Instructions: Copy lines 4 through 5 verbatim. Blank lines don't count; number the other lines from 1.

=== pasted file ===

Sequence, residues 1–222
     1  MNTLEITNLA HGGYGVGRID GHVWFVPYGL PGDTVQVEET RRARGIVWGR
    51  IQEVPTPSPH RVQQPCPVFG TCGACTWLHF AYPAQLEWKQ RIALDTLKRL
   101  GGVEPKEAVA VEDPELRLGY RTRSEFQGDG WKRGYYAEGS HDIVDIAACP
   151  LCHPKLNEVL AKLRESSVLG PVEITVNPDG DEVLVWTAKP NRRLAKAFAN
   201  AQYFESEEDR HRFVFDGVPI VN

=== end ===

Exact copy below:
   101  GGVEPKEAVA VEDPELRLGY RTRSEFQGDG WKRGYYAEGS HDIVDIAACP
   151  LCHPKLNEVL AKLRESSVLG PVEITVNPDG DEVLVWTAKP NRRLAKAFAN